6 Picture 1 Picture 2 Moisture samples in GW of finished basement (circles note sample locations) Marking on GW indicating height of moisture above background 6 of 13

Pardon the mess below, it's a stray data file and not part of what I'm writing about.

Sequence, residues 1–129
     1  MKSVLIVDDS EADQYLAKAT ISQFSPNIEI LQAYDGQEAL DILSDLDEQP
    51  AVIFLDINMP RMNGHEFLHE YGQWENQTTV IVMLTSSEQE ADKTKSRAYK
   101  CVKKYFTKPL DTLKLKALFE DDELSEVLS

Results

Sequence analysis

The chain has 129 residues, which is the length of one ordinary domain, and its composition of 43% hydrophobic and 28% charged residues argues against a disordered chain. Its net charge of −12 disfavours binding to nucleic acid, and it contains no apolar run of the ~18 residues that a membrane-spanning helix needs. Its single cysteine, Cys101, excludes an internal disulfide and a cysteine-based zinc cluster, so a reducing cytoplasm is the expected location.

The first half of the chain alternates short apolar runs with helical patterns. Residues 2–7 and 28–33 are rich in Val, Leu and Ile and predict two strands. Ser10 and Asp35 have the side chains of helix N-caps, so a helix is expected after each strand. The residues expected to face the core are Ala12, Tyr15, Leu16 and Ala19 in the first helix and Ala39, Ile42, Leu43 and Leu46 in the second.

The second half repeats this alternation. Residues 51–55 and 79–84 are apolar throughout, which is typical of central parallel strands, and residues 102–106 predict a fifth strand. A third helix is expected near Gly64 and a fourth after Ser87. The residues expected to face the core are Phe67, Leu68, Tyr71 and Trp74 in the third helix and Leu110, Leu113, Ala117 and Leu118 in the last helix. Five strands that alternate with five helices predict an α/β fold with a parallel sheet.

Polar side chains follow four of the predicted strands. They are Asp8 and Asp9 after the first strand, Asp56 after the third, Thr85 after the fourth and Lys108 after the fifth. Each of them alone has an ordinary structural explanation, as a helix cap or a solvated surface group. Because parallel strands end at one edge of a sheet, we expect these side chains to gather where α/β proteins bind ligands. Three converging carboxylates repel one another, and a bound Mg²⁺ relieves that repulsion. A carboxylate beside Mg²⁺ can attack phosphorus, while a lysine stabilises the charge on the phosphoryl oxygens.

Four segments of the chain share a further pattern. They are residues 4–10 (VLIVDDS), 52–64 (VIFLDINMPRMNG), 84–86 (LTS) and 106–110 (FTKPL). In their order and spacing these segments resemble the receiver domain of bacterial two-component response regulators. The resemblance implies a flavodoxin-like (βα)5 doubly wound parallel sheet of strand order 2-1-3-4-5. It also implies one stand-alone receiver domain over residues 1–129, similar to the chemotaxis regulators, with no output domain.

7 When moisture measurements roughly match (within a range of +/- 0.3 percent), mark the area with a pencil to indicate the height of the level of moistened GW (Picture 2). Carpeting3 The procedure used to measure moisture in carpeting is similar to that of GW in a flood situation. A control sample should be taken in an area not involved with the water damage, preferably on a floor above the suspect area. The carpet should have moisture samples taken in rooms throughout the building at three distance intervals. The MMD should be placed on /inserted into the surface of carpeting (1) directly over the wall/slab seam on an exterior wall/on the location of suspected water damage; (2) approximately 3 feet away from the first location and (3) if moisture was detected in the 3 feet measurement, a third reading should be taken approximately 5 feet from the first location (Figure 2). This process can be repeated at two foot intervals until measurements are either equal to the control measurement or non-detectable. Please note that if a source of moisture in the carpet were atmospheric (e.g., increase relative humidity), moisture readings in carpet would be expected to be relatively uniform (i.e., with a narrow variation of + 2%) throughout the carpet measured. Where a significant variation exists in moisture content (e.g., one section of carpet measures non-detectable for moisture, another section measures 10%), it could be concluded that another source of water is moistening the carpet. An example of moisture measurements in carpet are provided in Table 2. 3 MMDs can be used to ascertain moisture levels in plaster, wood, gypsum wallboard (GW), concrete and brick. MMDs can also be used in other materials to ascertain moisture presence, such as wall-to-wall carpeting, in this instance, it is recommended to set the MMD the wood setting, which will provide results in a range of 0-15 percent as the non-moistened range. 7 of 13